Simulating the Earth’s Core with the Cray XE6 Monte Rosa

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Earth’s magnetic field is generated in its liquid iron core. Depicted are the results of a 3-D self-consistent computer simulation.

Over at the Swiss HPC Service, Simone Ulmer from CSCS writes that researchers at ETH Zurich and the University of Leeds are using supercomputers to learn why the Earth’s magnetic field moves gradually westward.

The scientists used new methods for their simulation and worked in particular with a viscosity that was two orders of magnitude lower and thus 100 times closer to reality than in previous models. The scientists said that this was how they had succeeded in achieving correspondingly higher resolutions of certain physical processes in the Earth’s core. The simulations show that the force of the Earth’s magnetic field in the outermost region of the liquid core drives the magnetic field westwards. At the same time, these very forces give the solid inner core a thrust towards the east. This leads to Earth’s inner core having a higher rotation speed than the Earth.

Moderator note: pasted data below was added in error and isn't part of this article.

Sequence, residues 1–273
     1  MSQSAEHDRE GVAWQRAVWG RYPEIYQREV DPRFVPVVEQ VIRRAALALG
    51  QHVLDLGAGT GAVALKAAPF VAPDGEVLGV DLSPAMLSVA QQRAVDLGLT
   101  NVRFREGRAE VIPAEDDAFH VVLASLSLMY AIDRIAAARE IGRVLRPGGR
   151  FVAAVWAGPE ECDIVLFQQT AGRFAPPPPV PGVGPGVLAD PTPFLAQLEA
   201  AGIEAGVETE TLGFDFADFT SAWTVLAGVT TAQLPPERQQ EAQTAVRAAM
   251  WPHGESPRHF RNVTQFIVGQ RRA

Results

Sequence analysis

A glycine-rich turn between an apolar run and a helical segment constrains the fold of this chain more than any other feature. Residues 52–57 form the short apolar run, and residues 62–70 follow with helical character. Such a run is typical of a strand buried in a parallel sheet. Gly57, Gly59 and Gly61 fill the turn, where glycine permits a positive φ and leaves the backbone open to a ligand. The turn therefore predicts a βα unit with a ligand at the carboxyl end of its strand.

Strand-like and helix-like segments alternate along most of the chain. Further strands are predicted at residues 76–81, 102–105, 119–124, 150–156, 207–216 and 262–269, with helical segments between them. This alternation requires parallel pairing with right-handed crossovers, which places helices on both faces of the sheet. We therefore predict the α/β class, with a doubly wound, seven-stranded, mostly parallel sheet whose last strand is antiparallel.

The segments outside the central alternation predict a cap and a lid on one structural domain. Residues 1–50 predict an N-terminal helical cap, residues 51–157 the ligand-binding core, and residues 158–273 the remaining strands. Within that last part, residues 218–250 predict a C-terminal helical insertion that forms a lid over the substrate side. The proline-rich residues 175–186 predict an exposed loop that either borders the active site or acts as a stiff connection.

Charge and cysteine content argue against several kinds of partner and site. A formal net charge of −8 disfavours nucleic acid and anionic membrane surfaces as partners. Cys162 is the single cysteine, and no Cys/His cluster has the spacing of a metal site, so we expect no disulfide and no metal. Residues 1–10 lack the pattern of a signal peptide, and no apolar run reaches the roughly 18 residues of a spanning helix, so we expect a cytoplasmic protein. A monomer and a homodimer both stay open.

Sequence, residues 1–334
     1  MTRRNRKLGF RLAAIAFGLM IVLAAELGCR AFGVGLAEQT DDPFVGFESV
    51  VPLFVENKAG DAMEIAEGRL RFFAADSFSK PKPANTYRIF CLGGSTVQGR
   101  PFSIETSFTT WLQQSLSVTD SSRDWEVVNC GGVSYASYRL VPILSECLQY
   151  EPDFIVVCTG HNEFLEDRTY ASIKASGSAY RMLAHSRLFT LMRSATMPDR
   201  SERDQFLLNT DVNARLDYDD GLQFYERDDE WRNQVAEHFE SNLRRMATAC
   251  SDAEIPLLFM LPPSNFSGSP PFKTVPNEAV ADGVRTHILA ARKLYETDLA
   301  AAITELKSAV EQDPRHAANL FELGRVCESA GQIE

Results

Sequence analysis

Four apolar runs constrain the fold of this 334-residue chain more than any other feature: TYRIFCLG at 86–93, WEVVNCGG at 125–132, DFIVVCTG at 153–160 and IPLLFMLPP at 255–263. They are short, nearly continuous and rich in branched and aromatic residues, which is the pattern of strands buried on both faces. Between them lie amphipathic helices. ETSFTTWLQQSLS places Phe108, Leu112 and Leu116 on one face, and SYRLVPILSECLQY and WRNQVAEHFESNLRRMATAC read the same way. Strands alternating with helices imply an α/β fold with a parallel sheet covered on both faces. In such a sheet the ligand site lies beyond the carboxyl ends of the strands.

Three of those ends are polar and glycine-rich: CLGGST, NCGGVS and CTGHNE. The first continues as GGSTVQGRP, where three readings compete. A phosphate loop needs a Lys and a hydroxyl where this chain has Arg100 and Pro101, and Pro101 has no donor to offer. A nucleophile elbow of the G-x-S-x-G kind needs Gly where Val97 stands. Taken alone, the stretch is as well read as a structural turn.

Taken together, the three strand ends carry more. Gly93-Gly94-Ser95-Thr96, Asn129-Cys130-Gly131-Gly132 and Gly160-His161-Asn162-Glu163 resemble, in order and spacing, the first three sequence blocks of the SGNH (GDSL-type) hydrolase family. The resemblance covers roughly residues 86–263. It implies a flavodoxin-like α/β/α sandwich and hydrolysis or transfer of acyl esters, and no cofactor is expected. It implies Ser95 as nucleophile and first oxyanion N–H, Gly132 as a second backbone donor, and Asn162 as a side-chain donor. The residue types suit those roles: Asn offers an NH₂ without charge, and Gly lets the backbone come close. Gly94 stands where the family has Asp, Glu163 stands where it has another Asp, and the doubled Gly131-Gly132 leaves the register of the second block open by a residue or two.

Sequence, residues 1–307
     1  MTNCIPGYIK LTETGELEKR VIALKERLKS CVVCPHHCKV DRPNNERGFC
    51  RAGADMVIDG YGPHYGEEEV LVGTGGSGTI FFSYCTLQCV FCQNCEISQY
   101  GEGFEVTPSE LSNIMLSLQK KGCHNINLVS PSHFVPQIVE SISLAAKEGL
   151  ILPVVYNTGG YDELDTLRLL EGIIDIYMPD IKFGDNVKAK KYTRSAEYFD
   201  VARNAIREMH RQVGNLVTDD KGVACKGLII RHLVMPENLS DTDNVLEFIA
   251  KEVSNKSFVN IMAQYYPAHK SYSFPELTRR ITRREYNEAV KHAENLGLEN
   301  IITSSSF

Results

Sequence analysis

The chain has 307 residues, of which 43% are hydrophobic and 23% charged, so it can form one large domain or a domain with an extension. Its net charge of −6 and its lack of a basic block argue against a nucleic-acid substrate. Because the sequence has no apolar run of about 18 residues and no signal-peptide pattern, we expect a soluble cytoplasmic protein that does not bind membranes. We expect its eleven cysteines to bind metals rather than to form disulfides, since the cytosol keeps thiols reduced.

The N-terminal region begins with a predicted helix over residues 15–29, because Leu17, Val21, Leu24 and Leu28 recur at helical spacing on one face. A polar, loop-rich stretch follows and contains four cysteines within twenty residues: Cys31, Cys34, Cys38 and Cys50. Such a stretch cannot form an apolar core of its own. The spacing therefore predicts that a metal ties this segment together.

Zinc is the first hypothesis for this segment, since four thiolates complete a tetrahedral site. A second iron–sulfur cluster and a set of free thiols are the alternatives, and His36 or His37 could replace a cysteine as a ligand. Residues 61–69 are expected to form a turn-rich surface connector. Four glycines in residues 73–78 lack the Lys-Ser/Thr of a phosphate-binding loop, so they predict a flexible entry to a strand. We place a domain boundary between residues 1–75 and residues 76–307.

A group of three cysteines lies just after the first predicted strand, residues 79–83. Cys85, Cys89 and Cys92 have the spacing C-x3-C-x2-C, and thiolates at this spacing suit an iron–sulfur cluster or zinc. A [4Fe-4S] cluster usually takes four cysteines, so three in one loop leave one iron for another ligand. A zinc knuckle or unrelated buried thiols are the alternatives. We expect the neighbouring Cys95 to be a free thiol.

Based on their study, the researchers came to the conclusion that even subtle changes in the Earth’s inner magnetic field can lead to the respective directions of movement being reversed.

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